Georgia Center for the Book Hosts: Cindy Woodsmall
April 29th | 7:15 p.m.
Decatur Library Auditorium
New York Times bestselling author Cindy Woodsmall will be sharing her secrets about writing and selling commercial fiction. With seven novels, four novellas, and a collaborative work of non-fiction to her name, Woodsmall will certainly have her share of insight.
Georgia Center for the Book and Poetry Atlanta are drawing National Poetry Month to a close with a bang! Contributors from this year's Southern Poetry Anthology Vol. 5 will rally together for an evening of readings. Host Collin Kelley will guide the evening of poetry that will include work from Chelsea Rathburn, David Bottoms, Thomas Lux, Judson Mitcham, Christopher Martin, and more!
On the same day that Korean pop phenom Psy was on his way to breaking another YouTube record with the release of his follow-up video to "Gangnam Style," Atlanta-based spoken word artist Antony Bui was busy garnering his own hype with a verbal smack down of pop culture's decades-long perpetuation of corny Asian stereotypes. In his poem "Bruce Is Back" (above), Bui humorously theorizes about Hollywood's insidious plot to desecrate the Asian American image ever since the 1973 death of "strong," "sexy," "ass-kicking" film and martial arts star Bruce Lee.
"Bruce was just too good of an Asian man prototype," he muses out loud. "Somebody had him killed, and I bet you it was the same douchebag who came up with that small penis stereotype."
Besides serving as a sharp, comical critique on the one-dimensional geekification and desexualization of Asian males by mainstream media, it offers an alternate take on the widespread view that Asians are the most culturally assimilated among non-white ethnic groups in America. Bui won first place with "Bruce Is Back" at the sixth annual Kollaboration Atlanta talent showcase, an Asian American performance artists platform for which I served this year as one of seven judges. After hearing his poem, I talked to the 22-year-old about his thoughts on K-pop, Asian assimilation, and how he (among others) is using YouTube as a burgeoning filmmaker and first-generation Vietnamese American to counter the BS.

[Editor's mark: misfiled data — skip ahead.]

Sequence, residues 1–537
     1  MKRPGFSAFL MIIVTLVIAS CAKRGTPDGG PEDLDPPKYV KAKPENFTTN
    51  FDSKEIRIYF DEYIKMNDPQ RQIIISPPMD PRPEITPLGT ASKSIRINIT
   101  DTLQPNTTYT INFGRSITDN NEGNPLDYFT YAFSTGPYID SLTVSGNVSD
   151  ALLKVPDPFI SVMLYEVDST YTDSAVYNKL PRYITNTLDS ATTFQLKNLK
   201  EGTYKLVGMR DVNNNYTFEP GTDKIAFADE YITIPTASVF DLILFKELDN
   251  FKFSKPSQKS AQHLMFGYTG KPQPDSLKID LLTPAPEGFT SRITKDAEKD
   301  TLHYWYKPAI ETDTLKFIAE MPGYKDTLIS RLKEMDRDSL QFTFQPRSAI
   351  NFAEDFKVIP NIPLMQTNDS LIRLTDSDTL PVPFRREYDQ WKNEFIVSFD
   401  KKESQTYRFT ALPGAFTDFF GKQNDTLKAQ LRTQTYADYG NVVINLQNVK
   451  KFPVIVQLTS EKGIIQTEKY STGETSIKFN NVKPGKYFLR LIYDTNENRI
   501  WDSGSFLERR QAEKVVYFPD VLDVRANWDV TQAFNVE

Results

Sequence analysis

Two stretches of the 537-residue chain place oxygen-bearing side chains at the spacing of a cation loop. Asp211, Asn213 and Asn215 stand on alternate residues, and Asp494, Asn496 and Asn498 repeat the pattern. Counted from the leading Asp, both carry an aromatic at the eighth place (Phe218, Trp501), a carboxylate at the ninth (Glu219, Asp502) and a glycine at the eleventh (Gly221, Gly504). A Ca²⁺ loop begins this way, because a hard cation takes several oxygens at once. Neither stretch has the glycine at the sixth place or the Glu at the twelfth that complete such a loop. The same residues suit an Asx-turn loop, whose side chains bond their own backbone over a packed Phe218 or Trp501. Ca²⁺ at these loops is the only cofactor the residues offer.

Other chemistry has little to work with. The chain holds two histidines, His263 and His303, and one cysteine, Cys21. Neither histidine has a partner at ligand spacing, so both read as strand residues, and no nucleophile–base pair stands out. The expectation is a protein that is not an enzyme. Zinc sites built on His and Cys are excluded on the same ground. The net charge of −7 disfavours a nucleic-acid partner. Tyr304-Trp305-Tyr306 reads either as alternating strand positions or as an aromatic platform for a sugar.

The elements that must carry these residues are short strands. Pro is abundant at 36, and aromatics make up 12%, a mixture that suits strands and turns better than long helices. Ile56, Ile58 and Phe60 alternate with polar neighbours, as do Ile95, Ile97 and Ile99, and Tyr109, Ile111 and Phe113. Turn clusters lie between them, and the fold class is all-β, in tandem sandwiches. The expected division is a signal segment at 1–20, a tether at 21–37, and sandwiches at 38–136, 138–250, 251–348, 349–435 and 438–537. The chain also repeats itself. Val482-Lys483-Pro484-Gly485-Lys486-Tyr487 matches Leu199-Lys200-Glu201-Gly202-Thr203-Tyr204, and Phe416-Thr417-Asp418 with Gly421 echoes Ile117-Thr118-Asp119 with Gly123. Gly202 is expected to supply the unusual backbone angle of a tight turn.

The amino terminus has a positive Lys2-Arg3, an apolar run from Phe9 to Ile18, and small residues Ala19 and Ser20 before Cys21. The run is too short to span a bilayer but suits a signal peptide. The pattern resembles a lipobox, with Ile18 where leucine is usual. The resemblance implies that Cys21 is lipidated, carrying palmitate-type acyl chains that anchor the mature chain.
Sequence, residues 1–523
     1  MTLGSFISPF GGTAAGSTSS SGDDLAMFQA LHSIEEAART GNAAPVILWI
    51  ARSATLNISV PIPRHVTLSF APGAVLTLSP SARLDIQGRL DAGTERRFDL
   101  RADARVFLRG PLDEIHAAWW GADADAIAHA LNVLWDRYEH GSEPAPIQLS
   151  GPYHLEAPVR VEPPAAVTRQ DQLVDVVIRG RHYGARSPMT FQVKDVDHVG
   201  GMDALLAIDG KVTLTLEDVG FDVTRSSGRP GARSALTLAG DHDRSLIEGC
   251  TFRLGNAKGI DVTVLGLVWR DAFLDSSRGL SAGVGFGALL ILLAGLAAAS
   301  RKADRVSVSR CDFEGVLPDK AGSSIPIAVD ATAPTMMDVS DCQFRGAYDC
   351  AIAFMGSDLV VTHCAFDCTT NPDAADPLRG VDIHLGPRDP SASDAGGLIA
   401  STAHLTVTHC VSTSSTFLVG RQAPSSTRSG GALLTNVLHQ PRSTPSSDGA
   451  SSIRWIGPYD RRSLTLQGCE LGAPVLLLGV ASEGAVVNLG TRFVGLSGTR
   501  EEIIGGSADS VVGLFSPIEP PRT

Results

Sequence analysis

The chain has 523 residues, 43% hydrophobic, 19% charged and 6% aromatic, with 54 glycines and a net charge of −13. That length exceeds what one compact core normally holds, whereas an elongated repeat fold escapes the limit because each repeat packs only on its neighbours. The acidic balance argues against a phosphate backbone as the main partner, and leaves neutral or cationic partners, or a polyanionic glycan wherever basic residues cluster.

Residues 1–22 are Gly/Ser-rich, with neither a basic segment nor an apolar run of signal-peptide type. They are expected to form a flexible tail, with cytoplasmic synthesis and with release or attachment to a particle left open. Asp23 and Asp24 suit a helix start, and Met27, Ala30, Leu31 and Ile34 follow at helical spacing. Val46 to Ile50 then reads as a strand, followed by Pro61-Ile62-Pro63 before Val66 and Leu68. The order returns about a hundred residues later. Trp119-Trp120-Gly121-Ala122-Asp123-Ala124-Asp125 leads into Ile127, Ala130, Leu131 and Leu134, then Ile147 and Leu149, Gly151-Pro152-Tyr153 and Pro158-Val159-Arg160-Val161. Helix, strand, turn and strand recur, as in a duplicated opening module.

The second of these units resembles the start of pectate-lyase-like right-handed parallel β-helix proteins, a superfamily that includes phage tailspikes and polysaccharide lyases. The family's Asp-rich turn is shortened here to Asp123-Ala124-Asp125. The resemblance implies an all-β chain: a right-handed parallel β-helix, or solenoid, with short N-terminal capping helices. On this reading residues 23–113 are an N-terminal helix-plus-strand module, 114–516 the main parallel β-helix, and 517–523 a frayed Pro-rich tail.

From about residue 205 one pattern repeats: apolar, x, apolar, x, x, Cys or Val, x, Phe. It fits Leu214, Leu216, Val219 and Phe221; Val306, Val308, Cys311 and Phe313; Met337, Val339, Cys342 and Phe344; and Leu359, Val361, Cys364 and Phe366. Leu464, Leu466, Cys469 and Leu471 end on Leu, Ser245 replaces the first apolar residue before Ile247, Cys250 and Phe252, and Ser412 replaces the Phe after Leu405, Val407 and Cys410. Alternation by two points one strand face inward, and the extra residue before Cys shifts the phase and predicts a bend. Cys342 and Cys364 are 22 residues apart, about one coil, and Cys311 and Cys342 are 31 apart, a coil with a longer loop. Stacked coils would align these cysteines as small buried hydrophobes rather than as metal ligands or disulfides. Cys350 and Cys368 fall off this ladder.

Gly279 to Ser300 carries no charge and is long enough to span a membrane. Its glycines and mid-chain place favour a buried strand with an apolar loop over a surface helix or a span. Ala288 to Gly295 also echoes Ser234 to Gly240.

Your poem "Bruce is Back" reminded me of the kind of politically charged, conscious spoken word that came out of the African American community in the late '90s. It was refreshing to hear that Asians are pissed too.
Yeah, that's a great way to put it.
Are those the themes you usually tackle?
Typically, no. I usually write just kind of about how I'm feeling. But this was something that I felt like writing after my friend Kavi Vu won Kollaboration last year. She and I kind of have this friendly rivalry and I really wanted to beat her. So I was trying to think of a topic that would really excite the crowd and get a strong reaction.
This is one of the biggest issues for Asian Americans; specifically, I wanted to write something that I could relate to personally so the way Asian American men are portrayed in the media was a great topic.